"We may be in the process of leaving Syria, but in no way have we Abandoned the Kurds, who are special people and wonderful fighters," Trump said.
"Any unforced or unnecessary fighting by Turkey will be devastating to their economy and to their very fragile currency,' he added. "We are helping the Kurds financially/weapons!"
In a separate set of tweets, the president also praised Turkey, inviting Erdogan to visit the White House next month (November 13), while calling Ankara a "big trading partner" and crediting the Turkish government with "helping me to save many lives at Idlib Province."
Yet, despite the social media diplomacy, U.S. military officials said they expect a Turkish incursion is still likely and confirmed that they have repositioned about 50 U.S. special forces members, who had been operating along the Turkey-Syria border, out of harm's way.
"Unfortunately, Turkey has chosen to act unilaterally," Chief Pentagon Spokesman Jonathan Rath Hoffman said in a statement Tuesday.
"As a result, we have moved the U.S. forces in northern Syria out of the path of [the] potential Turkish incursion to ensure their safety," he added. "We have made no changes to our force presence in Syria at this time."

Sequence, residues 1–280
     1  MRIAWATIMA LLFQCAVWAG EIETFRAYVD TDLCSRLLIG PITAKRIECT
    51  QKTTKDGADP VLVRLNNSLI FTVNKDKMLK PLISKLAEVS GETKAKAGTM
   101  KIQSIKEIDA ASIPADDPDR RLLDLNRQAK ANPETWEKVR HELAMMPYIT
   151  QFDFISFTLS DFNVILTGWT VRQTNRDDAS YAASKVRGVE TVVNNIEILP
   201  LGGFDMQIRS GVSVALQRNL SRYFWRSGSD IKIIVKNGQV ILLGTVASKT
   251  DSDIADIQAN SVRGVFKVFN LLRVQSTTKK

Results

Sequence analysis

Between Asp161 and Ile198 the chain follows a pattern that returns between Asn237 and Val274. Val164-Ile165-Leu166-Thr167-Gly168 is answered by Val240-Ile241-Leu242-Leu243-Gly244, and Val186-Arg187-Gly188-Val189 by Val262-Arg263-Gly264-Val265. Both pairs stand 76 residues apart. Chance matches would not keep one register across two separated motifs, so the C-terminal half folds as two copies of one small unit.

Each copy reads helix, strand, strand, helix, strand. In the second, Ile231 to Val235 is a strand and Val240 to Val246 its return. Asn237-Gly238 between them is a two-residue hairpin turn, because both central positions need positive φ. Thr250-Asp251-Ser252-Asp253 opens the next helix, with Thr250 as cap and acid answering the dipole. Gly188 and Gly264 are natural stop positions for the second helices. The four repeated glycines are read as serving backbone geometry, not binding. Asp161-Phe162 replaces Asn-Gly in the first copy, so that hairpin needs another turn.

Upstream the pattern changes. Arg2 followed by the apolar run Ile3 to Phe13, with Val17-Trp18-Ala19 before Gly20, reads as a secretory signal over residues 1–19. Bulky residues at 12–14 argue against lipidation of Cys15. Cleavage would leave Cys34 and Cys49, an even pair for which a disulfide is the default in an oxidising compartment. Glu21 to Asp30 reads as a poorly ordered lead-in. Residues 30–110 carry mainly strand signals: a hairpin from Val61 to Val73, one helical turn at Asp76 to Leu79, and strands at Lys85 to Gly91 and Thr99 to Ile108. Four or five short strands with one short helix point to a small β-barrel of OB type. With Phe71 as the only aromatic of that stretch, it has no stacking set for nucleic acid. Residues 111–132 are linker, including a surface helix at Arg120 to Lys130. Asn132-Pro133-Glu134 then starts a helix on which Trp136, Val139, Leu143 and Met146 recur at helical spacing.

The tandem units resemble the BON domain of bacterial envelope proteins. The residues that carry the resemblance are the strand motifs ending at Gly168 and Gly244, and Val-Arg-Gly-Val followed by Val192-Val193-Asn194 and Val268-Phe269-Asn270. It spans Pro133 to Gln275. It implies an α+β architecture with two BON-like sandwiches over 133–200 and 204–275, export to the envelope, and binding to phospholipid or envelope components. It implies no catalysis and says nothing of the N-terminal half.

Trump's decision late Sunday to move U.S. forces prompted an immediate backlash from U.S. lawmakers, some of whom called it a betrayal of the Syrian Kurds, viewed by many in Washington as the most dependable ally in the fight to destroy the IS caliphate. Other lawmakers warned the decision would only benefit Russia, Iran and Syrian President Bashar al-Assad, as well as allow IS to regain momentum.
On Tuesday, the former commander of U.S. Central Command, which overseas U.S. military operations in the region, lamented Trump's willingness to consent to a Turkish incursion.
"For me, the overall sentiment is one of disappointment," retired General Joseph Votel told an audience in Washington. "Disappointment that we are letting down our partners, perhaps adding to the humanitarian disaster in this region."
Votel also called the U.S. partnership with the mainly Kurdish Syrian Democratic Forces "a model of how we should be protecting our interests," adding the SDF has been a "capable and trustworthy partner."
Earlier Tuesday, SDF spokesman Mustafa Bali tweeted the mainly Kurdish forces has been "humbled by the enormous support by American people and politicians despite @POTUS decision to pave the way for Turkish invasion."